Your infant or toddler likely tends to react to the loudness of thunder. If thunder and lightning are a little frightening to you, this is communicated to your child. If, however, you let your child know thunder is natural, talk about the lightning and are positive about the storm, your child gradually learns to experience little discomfort during storms. An unusually loud thunderclap may still be startling, but there is no unreasonable fear of storms. Children who are afraid of storms have typically learned this fear from adults who are also afraid of storms. The same learning goes on with the fear of snakes and spiders. Adults learn the fears from other adults when young and then in turn pass them along to their children.
A fear of snakes is something you probably want your children to develop. After your children get a little older, it may be useful to teach them to differentiate between harmful snakes and unharmful snakes. The same rationale holds for spiders. Interestingly, a negative or fear reaction to spiders is helpful when children grow up and are expected to keep living areas clean. Cobwebs are a real problem and some fear of spiders partly makes adults insistent cobwebs be cleaned up. You teach your children to be a little afraid of germs, not to get dirt in their mouths, and to get clean after getting dirty. This is helpful in much the same way a fear of spiders and the association with cobwebs is helpful.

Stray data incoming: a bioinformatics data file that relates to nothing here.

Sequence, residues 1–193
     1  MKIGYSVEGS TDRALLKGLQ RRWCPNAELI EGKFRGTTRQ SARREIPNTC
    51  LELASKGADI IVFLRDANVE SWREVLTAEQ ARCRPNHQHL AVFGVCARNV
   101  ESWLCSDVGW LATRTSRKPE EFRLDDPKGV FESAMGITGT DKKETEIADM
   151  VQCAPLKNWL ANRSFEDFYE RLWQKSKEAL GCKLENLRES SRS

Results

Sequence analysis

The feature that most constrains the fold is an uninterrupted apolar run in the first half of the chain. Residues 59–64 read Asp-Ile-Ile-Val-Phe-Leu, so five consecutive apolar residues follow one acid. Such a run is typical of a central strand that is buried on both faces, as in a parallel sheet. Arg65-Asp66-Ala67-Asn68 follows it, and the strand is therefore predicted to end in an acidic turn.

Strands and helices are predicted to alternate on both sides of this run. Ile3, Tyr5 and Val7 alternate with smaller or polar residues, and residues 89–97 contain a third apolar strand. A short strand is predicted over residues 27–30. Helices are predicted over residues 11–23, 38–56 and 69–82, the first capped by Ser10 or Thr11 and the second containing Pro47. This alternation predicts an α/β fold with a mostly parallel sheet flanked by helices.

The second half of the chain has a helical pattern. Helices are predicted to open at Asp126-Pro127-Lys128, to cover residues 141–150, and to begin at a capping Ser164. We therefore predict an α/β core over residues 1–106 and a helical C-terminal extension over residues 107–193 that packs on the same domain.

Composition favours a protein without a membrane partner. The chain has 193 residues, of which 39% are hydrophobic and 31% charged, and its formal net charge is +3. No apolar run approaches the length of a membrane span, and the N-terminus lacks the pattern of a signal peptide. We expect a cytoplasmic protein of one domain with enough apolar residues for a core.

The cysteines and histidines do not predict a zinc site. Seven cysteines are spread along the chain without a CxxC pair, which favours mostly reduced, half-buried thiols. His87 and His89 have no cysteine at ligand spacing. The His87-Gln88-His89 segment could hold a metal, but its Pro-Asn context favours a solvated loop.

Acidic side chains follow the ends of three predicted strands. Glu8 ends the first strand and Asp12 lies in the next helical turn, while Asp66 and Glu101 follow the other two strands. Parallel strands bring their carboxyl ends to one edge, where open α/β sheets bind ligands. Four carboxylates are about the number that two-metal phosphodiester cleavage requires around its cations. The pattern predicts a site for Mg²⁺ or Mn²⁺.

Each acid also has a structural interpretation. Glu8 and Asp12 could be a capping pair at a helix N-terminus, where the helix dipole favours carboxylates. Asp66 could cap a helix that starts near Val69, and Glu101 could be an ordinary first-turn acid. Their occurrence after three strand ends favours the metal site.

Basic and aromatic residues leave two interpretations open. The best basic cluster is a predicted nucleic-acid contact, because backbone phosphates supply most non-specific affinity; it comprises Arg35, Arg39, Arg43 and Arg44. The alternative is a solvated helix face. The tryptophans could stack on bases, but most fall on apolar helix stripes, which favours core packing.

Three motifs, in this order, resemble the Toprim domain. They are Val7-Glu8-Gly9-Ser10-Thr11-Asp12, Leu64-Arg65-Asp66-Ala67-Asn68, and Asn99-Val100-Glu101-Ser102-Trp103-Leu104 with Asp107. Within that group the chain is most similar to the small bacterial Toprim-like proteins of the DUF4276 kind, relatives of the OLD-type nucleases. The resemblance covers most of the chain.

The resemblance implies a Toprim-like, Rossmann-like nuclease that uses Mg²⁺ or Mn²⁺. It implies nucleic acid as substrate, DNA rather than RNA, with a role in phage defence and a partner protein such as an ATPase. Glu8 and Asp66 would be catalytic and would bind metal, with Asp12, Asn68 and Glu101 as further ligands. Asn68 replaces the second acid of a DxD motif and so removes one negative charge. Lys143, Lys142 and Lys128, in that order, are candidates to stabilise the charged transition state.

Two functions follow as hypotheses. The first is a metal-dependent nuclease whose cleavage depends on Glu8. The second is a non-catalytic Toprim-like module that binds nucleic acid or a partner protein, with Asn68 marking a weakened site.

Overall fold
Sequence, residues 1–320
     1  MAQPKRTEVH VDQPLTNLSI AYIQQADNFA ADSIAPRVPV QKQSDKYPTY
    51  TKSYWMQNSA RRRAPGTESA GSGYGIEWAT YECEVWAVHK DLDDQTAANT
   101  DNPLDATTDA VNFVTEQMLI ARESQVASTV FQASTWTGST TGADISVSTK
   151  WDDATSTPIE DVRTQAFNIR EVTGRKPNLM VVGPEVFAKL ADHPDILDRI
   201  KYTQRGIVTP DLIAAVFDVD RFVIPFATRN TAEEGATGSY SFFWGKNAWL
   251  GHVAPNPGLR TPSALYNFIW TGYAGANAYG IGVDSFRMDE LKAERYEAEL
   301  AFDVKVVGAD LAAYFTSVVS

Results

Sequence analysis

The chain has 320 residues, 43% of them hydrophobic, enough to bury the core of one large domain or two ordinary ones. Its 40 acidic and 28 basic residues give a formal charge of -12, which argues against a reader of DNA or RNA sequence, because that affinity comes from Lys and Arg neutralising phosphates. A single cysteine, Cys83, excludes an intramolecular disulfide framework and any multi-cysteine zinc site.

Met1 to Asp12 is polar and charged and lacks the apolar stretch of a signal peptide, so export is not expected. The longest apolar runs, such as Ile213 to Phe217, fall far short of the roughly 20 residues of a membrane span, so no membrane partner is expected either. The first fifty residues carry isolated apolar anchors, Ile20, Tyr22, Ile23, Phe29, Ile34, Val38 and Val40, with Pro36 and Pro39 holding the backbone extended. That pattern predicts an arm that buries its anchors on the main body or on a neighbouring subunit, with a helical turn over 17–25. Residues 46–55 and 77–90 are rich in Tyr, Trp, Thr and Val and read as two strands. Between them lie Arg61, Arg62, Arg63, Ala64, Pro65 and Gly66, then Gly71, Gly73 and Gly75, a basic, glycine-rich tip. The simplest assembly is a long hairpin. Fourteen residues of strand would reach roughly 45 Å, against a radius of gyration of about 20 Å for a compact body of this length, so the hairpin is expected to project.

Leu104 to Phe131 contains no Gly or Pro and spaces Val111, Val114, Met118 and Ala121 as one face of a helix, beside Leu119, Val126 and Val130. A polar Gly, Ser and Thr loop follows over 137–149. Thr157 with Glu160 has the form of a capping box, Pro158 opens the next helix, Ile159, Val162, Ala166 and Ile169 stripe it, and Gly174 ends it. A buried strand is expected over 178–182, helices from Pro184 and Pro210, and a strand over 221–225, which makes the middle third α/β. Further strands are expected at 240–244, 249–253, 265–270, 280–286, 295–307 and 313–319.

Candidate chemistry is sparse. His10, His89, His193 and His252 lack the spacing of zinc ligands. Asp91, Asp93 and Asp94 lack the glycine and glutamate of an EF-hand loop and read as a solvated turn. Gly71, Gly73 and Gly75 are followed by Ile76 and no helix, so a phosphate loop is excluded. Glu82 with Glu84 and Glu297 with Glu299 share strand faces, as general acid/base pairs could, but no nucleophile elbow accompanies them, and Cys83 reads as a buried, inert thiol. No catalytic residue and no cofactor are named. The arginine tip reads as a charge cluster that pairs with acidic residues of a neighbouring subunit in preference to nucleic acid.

Thus, you see almost all fears are taught. Some fears are helpful in terms of self-protection and future adjustment. Other fears, however, are quite debilitating. In fact, some people become so afraid they do not go out of their houses, do not talk with others, cannot tolerate meeting strangers, keep themselves and their living areas antiseptically clean, or are irrationally afraid of all dogs.
Although most fears are learned, they are not necessarily taught to children by parents. For example, a young girl developed a fear of flying birds in a somewhat unusual way. She was playing in the yard one day and approached a baby bird lying on the ground. Just as she got to the baby bird, the mother bird swooped down to protect her baby. Although the mother bird did not attack her, the girl thought the bird was going to. She became terrified and ran into the house. Her mother told her she should leave baby birds alone since mother birds are sometimes quite protective, and because she might injure the baby bird. Her terror had been so intense the child unconsciously generalized the fear to all flying birds. Although she now knows rationally it is unlikely a flying bird will hurt her, the fear remains. Many fears are learned through such life experiences.
In addition to fears learned through identification with the fears of adults, through direct teaching by adults, and through unusual life situations, fears arise when children confuse possibility with probability. The idea may be best understood through an example.